‘End the energy sanctions against Russia because we are on our knees,’ says Matteo Salvini

Matteo Salvini, the leader of Italy’s far-Right League party, on Sunday called for an end to sanctions on Russia that are leaving citizens “on their knees” because of higher energy bills.

“Several months have passed and people are paying two, three, even four times more for their bills,” he told RTL radio. “And after seven months, the war continues and Russian Federation coffers are filling with money.”

Skyrocketing energy prices since the start of the war in Ukraine have inflicted economic pain on countries in the European Union which before the war had been reliant on Russia for a large chunk of its gas supplies.

Mr Salvini, who is likely to enter government as part of a hard-Right coalition after Italy’s elections later in September, doubled down on his comments during a debate at an economic forum being held in Cernobbio, northern Italy.

“We need a European shield to protect businesses and families, as during the Covid pandemic,” Mr Salvini told delegates during the forum.

“If we want to go ahead with the sanctions, let’s do it, we want to protect Ukraine – but I would not want that to mean that instead of harming the sanctioned, we harm ourselves,” he said.

‘Someone made a bad calculation’

A day earlier he had tweeted that “those who have been sanctioned are winners and those who put the sanctions in place are on their knees.

“It’s evident that someone in Europe has made a bad calculation. It is essential to rethink the strategy to save jobs and businesses in Italy,” he said.

Following Mr Salvini’s comments, Enrico Letta, leader of the Democratic Party and one of his main adversaries ahead of parliamentary elections on Sept 25, retorted on Twitter: “I think Putin couldn’t have said it better.”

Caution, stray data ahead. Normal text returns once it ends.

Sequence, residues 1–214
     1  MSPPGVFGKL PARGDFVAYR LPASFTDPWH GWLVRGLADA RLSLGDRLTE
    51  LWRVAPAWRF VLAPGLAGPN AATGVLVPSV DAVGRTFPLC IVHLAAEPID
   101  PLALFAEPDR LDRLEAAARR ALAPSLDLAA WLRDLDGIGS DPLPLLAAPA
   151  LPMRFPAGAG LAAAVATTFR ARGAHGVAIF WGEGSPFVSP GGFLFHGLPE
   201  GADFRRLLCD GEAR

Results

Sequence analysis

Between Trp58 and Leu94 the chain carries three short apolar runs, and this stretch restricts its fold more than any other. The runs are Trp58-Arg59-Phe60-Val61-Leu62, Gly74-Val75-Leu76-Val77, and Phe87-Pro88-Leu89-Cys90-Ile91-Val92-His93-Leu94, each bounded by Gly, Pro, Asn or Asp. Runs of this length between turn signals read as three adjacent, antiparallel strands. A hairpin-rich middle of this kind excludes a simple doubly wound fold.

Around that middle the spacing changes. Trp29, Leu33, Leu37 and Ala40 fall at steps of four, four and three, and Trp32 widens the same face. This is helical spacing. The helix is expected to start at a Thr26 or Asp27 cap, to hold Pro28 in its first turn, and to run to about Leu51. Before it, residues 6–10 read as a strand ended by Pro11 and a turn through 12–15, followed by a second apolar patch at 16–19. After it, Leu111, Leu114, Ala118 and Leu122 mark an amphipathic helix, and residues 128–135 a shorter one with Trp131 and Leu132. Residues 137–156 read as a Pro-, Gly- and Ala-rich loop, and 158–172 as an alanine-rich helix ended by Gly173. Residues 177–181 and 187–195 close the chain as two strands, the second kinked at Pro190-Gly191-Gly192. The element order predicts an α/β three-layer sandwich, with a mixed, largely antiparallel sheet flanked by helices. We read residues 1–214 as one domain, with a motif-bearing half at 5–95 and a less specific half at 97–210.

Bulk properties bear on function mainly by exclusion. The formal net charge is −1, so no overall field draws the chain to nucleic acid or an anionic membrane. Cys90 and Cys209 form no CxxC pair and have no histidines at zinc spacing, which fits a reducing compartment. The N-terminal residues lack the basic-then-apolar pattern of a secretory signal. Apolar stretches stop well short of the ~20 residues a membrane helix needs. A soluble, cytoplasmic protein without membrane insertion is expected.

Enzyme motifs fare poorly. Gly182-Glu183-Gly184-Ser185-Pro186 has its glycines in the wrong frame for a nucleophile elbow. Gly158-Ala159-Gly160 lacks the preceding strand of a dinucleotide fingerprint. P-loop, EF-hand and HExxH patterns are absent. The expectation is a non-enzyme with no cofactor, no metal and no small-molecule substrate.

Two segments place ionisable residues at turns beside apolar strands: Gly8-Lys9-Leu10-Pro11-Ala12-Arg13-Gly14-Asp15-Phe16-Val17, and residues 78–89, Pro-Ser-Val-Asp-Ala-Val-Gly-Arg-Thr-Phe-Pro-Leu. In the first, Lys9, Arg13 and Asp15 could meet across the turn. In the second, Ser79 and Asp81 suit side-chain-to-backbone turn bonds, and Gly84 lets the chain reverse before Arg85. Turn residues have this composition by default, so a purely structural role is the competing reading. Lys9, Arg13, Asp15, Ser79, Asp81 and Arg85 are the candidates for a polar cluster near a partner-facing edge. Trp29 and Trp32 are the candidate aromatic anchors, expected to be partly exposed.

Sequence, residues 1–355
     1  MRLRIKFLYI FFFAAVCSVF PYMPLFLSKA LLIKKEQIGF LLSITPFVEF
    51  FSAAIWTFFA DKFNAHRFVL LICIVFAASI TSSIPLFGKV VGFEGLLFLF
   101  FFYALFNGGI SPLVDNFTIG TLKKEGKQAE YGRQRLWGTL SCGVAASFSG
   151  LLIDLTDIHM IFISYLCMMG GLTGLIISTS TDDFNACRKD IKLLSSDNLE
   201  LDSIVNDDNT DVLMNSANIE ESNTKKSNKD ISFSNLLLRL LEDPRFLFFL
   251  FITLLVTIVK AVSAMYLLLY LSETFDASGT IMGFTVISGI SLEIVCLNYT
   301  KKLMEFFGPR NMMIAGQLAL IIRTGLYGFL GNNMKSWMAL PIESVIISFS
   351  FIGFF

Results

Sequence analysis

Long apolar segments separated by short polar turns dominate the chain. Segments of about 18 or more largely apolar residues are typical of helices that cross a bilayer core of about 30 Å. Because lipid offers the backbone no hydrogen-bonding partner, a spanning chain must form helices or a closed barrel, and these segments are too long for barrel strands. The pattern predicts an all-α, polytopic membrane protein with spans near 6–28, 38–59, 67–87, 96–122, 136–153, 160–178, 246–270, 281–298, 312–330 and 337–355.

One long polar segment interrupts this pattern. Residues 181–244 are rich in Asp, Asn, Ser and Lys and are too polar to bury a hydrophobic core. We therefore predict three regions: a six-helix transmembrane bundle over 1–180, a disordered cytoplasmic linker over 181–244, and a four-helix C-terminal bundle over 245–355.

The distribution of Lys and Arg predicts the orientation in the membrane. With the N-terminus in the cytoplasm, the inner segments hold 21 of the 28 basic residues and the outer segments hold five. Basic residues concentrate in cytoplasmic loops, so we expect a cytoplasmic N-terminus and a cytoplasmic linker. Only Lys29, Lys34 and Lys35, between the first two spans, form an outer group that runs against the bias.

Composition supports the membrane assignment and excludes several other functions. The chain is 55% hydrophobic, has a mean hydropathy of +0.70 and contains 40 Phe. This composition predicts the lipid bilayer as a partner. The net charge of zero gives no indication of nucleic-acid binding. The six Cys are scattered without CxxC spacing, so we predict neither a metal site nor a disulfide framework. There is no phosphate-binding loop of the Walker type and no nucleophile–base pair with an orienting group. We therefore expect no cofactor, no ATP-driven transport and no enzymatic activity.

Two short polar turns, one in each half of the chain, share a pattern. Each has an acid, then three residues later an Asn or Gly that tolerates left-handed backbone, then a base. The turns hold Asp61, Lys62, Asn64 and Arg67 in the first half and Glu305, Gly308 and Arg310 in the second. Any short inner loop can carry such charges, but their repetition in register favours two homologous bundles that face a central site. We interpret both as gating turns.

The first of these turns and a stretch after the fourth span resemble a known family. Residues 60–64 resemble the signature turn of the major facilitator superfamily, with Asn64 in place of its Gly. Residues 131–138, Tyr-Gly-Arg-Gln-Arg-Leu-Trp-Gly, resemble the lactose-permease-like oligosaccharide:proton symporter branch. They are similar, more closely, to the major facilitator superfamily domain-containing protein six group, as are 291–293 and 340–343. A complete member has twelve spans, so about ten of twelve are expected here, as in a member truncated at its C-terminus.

He later told reporters on the sidelines of the forum on the banks of Lake Como that they were “irresponsible” statements which “risk causing very serious damage to Italy, to our reliability and to our role in Europe.

“When I hear Salvini talk about sanctions, I feel like I’m listening to Putin’s propaganda.”

Links between Mr Salvini and Moscow have raised concerns in Italy, particularly since the invasion of Ukraine.

But Giorgia Meloni, the hard-Right prime ministerial hopeful whose Brothers of Italy party has formed an alliance with Salvini’s anti-immigration League, has taken a clear position in favour of support for Ukraine and sanctions on Russia.

“If Italy lets go of its allies for Ukraine nothing changes, but for us a lot changes. A serious nation that wants to defend its interests must take a credible position,” she told the forum.

Anger over fast-rising inflation

On Saturday thousands of Czechs protested in Prague against the EU and its support for Ukraine, handing the Kremlin a propaganda coup.

The protest was organised by far-Right and far-Left fringe parties which have tapped into anger over fast-rising inflation.

“The Czech Republic needs a Czech government,” said Zuzana Majerova Zahradnikova, head of the Tricolor, one of the organisers of the protest. “The government of Fiala may be Ukrainian, maybe Brussels, but definitely not Czech.”

Protesters held placards saying “This is not our war” and posters of Petr Fiala, the centre-Right prime minister, wearing a US-styled top hat, a Nato-branded tie and a shirt in the colours of the Ukrainian flag.

For Russian news channels, an important part of the Kremlin’s propaganda machine, the protests were one of the top stories of the day and were replayed continually.

The Kremlin has used its dominance over European gas supplies to pursue its version of “total war” which includes cutting supplies. This week it said that its Nord Stream 1 gas pipeline to Europe had been damaged and would be shut down indefinitely.

Witnesses said that an estimated 70,000 people poured into Wenceslas Square at the heart of Prague for the protest, the day after the government survived a no-confidence vote.

The Czech government has been a vocal supporter of Ukraine’s fight against Russia and Mr Fiala blamed the Kremlin’s propaganda for influencing protesters.

“It is clear that Russian propaganda and disinformation campaigns appear on our territory repeatedly, and someone simply succumbs to them,” he said.

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